Eliminate Age and Service Credits. Participants will no longer be eligible for any additional years of age and service credit under the Company’s or its subsidiaries’ supplemental executive retirement plans.

Amend Definition of Change in Control and Good Reason: The definition of Change in Control as used in the amended and restated Plan has been modified to raise certain thresholds, thereby increasing the requirements that must be met to trigger the occurrence of a change in control. The definition of Good Reason for the named executive officers was also modified to eliminate one of the triggering events.

Application of Amendments. Any amendments incorporated into the amended and restated Plan that are adverse to any individual who is considered a participant as of the date of the amendment would be null and void, and therefore would not be applicable, if a Change in Control were to occur within one year of the adoption of the amendments. . . .
  We will keep you posted if the popular press picks up on this.

As a footnote, I suppose I ought to also point out that the revised plan prevents the executives from arguing that changing headquarters from Whitehouse Station to the legacy Schering-Plough facility (as announced earlier this year) would trigger a change in control payment. The old plan, I think, specified any more than 50 mile change in office locations. Now, as revised, it is the greater of the 50 miles, or 120 percent of the executive's prior commute from home (measured in miles, not drive time).

That plan provision -- for those of you keeping score at home -- is found at Section 2.17(c)(ii).

Saturday, November 10, 2012

UPDATING: ACA of 2010 Exchange Deadline Extended: Now, December 14, 2012

Even the newly-extened date appears as a pretty short turnaround trip, for states that haven't yet begun the effort (some 20 of them, at last count).

And remember, since all states' residents pay into the federal fisc via federal income taxes, any state that refuses to create its own exchange essentially says to its residents that they are happy to let other states have the program, and the money (for now), and then simply wait for the federal exchanges to be imposed on each state that doesn't create its one of its own.  And, truth be told, that is kind of the opposite of what the deeply red states, like Texas, and Gov. Rick Perry claim they actually want -- as a matter of policy. Gov. Perry talks a lot about states' rights. This ought to be one of them.

In any event, this comes to us courtesy of the New York Times, overnight:
. . . .The original Nov. 16 deadline will be extended to Dec. 14 — and in some cases to Feb. 15, the administration said. . . .

Do stay tuned.

Wednesday, November 7, 2012

Mr. Obama Wins; States Have 9 Days To Create Health Exchanges

So much for the mantra of "Repeal!", eh? Governor Perry in Texas ought to be particularly embarrassed that he has put millions of his own citizens at risk of not receiving federally-supported benefits in the provision and purchasing of more affordable and more comphrensive health care insurance and reimbursement.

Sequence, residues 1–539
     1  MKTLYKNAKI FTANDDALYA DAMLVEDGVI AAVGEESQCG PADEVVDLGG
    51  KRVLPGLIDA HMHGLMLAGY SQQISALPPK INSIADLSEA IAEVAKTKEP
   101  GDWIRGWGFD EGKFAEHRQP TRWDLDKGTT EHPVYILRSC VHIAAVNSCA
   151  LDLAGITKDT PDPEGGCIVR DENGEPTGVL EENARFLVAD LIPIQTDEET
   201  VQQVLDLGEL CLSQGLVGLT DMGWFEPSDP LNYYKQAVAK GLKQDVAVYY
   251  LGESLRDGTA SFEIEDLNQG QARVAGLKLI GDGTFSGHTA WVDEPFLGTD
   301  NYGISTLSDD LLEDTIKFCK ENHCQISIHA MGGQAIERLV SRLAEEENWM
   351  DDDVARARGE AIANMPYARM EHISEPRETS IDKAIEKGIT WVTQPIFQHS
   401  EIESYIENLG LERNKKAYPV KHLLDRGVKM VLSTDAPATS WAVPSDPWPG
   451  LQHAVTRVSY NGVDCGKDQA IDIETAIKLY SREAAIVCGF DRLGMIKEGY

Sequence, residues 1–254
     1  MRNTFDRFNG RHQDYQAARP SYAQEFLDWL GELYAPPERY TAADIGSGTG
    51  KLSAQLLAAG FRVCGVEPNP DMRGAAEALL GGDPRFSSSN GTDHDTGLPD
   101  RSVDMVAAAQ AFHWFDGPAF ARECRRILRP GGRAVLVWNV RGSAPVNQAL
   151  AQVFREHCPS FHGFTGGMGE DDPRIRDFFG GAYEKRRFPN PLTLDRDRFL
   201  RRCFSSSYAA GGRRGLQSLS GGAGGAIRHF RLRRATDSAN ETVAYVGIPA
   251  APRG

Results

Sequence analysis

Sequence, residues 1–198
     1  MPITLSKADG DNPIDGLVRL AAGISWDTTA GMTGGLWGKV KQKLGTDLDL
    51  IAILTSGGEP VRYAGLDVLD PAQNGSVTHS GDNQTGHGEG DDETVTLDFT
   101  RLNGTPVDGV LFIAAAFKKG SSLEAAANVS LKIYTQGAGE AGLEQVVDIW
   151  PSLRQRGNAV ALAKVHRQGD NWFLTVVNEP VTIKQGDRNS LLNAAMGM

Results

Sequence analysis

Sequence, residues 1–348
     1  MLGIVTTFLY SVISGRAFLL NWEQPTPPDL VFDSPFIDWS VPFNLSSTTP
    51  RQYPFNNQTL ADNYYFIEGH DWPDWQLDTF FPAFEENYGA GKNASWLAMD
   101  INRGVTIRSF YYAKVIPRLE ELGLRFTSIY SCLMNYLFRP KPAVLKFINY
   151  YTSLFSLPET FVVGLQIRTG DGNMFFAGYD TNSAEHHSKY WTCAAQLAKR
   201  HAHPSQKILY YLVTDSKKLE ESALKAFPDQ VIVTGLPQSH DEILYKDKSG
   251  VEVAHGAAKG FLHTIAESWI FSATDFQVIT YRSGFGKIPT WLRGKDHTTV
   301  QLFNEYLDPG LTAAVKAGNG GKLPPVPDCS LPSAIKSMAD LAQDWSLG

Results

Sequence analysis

Many of the nation's largest law firms have spent almost no time explaining to clients and potential clients what full implementation of the ACA of 2010 will mean to them. Thta is unfortunate -- as many of them bought into the notion that Mr. Romney couldn't lose in 2012. I don't yell at people for their mistakes -- but it is appropriate that they pay for them.

Time to pay up -- per Bloomberg reporting, this very morning:
. . . .State officials who held off implementing some aspects of the 2010 Affordable Care Act now face pressure to make decisions almost immediately. They have nine days to advise the federal government how they plan to manage state-run exchanges created by the law to provide medical coverage to the uninsured, or face a de facto U.S. takeover of their insurance markets. . . .
Thirty-four states have accepted at least two grants from the federal government to start planning an exchange, according to the U.S. Department of Health and Human Services. That puts about 20 states in a position to build an exchange or partner with the federal government on one, in addition to the 13, plus the District of Columbia, who have already said they’ll run their own.

The rest “have either explicitly said ‘no’ or have taken so few steps that you can’t really see them shifting quickly enough to play an active role,” said Alan Weil, executive director of the National Academy for State Health Policy, which assists states implementing the health law, in an interview. . . .

“The message to governors is the verdict is now in,” said Ron Pollack, executive director of Families USA, a consumer advocate that backs the law. “The Affordable Care Act is moving forward. Either they help cooperate with its implementation, or people in their state could be left out in the cold. . . .”

[A]ll but 13 governors had taken a wait-and-see approach. Now those that “thumbed their nose” at the president must quickly reassess, said Mississippi Insurance Commissioner Mike Chaney, a Republican who said he will submit a plan for his state’s exchange by the Nov. 16 deadline. . . .

We will keep you posted, but this result -- a mad scramble by the various partisan and thus recalcitrant states -- was an entirely avoidable result. The citizens of these states -- Texas in particular -- ought to demand better of their governors.